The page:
A comparison has been drawn between the “collective hope” given by the heroism of The Few and the recent evacuation of Afghanistan, during a Westminster Abbey service marking the 81st anniversary of the Battle of Britain.
The Prince of Wales, accompanied by his wife the Duchess of Cornwall, helped lead a service of thanksgiving on Sunday paying tribute to those who took to the skies above southern England in 1940.
Prime Minster Boris Johnson, Home Secretary Priti Patel and Labour’s shadow defence secretary John Healey were among the guests at the annual service that commemorates the first battle in history fought entirely in the air during the Second World War.
This year’s service saw a reduced, face mask-wearing congregation due to Covid-19 precautions, but senior Government, military and diplomatic dignitaries were able to attend alongside serving RAF personnel.
Chief of the Air Staff, Air Chief Marshal Mike Wigston, gave a Bible reading, while an address was delivered by the Chaplain in Chief, the Venerable Air Vice Marshal John Ellis, who spoke of humanity living “future-focused lives” that were motivated by “hope”.
He said the RAF had carried “the collective hope of a nation” amid a “continual onslaught of enemy planes in our skies” in September 1940.
“Collective hope is something that remains with us as a constant. We only need look at the pandemic that has affected all our lives,” he added.
“Even here that future-focus is apparent in the self-giving sacrifices that have been made and the advances in medicine that have been prompted by the pandemic.”
Referring to the evacuation from Kabul this summer, he said: “Even more recently, we were witness to the largest Royal Air Force airlift since 1948.
“An effort that highlighted the skill, courage and resilience of everyone involved. A life-changing event that has given new hope to thousands.”
Led by Dr David Hoyle, the Dean of Westminster Abbey, the service included an act of remembrance, during which the Battle of Britain Roll of Honour bearing the names of 1,497 pilots and aircrew killed or mortally wounded in the battle was borne through the church, escorted by descendants of airmen and serving RAF personnel.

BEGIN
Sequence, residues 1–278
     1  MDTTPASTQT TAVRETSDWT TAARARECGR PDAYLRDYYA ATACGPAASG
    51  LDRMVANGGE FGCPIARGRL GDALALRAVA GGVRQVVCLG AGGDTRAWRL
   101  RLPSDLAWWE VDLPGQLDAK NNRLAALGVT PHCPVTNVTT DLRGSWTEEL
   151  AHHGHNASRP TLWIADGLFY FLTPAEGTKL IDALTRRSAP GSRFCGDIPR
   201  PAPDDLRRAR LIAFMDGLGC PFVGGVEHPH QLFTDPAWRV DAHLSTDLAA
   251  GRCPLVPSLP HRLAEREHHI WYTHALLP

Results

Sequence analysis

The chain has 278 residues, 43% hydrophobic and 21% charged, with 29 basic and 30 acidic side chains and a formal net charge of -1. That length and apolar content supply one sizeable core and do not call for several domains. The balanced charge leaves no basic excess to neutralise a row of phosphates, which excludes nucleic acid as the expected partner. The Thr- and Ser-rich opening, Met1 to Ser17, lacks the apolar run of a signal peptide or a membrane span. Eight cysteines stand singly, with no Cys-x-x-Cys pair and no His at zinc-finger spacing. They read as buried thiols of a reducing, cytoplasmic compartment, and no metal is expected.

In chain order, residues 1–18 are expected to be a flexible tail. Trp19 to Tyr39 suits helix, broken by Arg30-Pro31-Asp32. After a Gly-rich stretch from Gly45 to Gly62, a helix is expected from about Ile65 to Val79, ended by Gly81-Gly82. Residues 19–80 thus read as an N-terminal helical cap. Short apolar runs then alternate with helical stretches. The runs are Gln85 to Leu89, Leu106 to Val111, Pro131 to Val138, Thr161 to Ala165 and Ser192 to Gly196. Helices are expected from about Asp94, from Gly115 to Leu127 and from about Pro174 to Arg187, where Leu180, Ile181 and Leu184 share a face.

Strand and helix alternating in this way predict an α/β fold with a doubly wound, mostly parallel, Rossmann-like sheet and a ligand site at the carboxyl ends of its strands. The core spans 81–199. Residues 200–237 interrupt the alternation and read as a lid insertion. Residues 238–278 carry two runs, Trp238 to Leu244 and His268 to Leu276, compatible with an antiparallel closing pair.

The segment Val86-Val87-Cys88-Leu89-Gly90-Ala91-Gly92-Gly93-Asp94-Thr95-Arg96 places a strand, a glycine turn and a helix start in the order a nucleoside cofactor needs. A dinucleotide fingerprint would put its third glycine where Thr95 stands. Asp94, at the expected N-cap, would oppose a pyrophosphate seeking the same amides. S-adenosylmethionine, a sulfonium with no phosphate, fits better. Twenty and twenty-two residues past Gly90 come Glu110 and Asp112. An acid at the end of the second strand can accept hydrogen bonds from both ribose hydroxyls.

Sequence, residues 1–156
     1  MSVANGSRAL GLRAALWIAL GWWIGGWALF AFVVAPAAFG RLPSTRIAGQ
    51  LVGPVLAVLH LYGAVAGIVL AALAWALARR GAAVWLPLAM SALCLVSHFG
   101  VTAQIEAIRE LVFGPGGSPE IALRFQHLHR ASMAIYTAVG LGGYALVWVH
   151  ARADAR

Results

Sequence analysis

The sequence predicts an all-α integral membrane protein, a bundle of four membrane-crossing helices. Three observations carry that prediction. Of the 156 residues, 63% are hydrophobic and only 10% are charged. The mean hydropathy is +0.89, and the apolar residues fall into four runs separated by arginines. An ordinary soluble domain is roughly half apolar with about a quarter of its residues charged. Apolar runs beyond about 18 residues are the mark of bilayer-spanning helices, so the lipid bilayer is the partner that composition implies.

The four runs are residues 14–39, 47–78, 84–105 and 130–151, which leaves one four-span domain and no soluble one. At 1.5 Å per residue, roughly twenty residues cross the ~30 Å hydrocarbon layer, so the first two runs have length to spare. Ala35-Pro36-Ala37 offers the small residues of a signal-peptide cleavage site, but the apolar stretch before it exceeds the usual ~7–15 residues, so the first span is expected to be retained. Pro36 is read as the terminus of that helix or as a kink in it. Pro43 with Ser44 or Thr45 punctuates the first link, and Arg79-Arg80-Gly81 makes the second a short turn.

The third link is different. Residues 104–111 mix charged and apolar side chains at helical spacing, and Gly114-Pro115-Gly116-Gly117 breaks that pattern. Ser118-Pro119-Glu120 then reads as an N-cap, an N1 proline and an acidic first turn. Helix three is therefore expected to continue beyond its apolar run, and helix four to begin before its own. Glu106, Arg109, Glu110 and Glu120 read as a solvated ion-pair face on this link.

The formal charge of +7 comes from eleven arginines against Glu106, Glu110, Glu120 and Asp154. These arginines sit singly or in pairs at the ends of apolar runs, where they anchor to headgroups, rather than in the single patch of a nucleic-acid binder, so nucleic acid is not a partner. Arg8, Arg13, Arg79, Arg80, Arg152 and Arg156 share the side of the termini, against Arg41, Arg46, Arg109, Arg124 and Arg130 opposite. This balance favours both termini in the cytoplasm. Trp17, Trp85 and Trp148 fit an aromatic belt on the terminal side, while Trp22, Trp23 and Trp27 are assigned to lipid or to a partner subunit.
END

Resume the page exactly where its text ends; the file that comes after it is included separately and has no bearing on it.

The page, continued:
The service featured readings, prayers, hymns, music from the Band of the Royal Air Force Regiment and singing by the abbey’s choir.
It opened and closed with the standard of No 3 Squadron of the Royal Air Force being borne through the church, while the sounding of the Last Post and Reveille brought proceedings to a conclusion.
Charles, wearing full ceremonial day dress, and Camilla, in a cream dress, blue ribbon coat and pale blue hat, sat close to the altar during the church service.
The royal couple, both wearing face masks, joined a procession and met members of the clergy as they entered and exited the central London landmark.
They then joined other members of the congregation on the balcony of the nearby Church House to watched a historical fly-past by a Spitfire and Hurricane.
The prince and the duchess were due to meet RAF cadets and aviators and tradesman from RAF Halton at Bishop Partridge Hall before joining a reception in the Assembly Hall.
The Battle of Britain was a major air campaign fought in the skies over the UK in 1940 that took place between July and October that year.
September 15 saw the RAF gain a decisive victory over the Luftwaffe in what was Nazi Germany’s largest daylight attack.
Some 1,120 Luftwaffe aircraft were sent to attack London, but were repelled by just 630 RAF fighters – and two days later Hitler postponed his plans to invade Britain.
Westminster Abbey has held a service of thanksgiving and re-dedication on Battle of Britain Sunday every year since 1944.
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